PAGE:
The “human form” I had been practicing so proudly before my return was anything but appealing. My face was raged and patchy with rust-colored scales and odd hairs. My own eyes were yellow slits with a red pinpoint of pupil, and I could see my teeth were sharp and I was drooling on myself.
I had never been more wrong in my thought I could pass as human again. She was right ; I am a monster.
A raspy voice from behind me said, “Get the hell away from my wife,” and I felt cold metal pressing into my back. I could see Jenna’s eyes widen with relief in front of me.
“Roy!” she was saying to the man behind me. “Shoot him!”
I spun around and grabbed the gun from the man’s hand before he could obey her order, and sized him up. He was pudgy and middle-aged, trembling underneath a thick blanket. This man must have been the body I had observed snoring in the bed upstairs. Things were starting to make a different kind of sense, reality deviating far from the fantasy I had envisioned.
“What are you doing in my home?” I hissed at the man.
“Y-your home…? I have been paying the mortgage on this shithole for years now. Jenna, what is going on?” He was trembling, but stood his ground.
She addressed me instead, speaking evenly and softly. “Eric. Roy is my husband now. He has been for years. Twenty years, in fact. You are dead, I had to move on. You can’t just come back here like this. You have to go away. I spent years trying to forget you and what you became, and you can’t just barge in here like this. Please…just…leave me alone…”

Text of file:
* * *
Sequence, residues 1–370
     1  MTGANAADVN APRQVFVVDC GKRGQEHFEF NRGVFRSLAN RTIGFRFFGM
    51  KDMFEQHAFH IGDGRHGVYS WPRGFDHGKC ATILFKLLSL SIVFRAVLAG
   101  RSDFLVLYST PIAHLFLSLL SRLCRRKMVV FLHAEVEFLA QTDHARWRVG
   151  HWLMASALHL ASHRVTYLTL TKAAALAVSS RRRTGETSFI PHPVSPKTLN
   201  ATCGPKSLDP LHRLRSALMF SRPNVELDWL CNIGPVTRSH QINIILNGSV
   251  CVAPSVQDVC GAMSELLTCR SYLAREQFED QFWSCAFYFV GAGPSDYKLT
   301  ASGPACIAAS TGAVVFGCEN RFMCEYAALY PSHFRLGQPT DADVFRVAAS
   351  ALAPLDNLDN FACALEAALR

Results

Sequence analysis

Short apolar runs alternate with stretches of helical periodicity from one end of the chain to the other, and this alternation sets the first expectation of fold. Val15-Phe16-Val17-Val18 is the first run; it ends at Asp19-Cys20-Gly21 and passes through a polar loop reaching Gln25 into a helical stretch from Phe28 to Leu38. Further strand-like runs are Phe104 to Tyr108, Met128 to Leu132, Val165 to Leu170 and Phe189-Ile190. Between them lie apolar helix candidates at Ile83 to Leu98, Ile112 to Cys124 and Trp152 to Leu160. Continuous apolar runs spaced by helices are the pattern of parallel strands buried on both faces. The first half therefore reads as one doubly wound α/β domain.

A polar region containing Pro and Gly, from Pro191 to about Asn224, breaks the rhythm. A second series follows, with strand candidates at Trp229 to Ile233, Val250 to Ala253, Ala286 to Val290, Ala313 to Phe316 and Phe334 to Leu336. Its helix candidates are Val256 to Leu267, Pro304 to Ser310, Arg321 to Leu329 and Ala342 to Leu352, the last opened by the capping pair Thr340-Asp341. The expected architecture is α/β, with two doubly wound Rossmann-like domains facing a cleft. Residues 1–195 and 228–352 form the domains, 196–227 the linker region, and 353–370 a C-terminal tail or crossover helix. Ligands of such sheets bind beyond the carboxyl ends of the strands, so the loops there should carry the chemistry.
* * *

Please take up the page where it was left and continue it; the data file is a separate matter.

It broke my heart, but she was right. This had been a very foolish venture.
“Twenty years…” I said under my breath, and felt my own tongue slip out and wet my lips.
I shook my head. I had to go back into the forest, this was no place for me.
I caught a glimpse of my own terrible countenance in the mirror again, and looked away quickly in disgust.
“I see,” I croaked at last, breaking the odd tense silence in the air at last. “I will leave.”
Roy breathed a heavy sigh of relief, and lowered his weapon and stepped aside. I brushed past him as he rushed to comfort my wife, his wife. They held each other and cried together.
I turned back to them.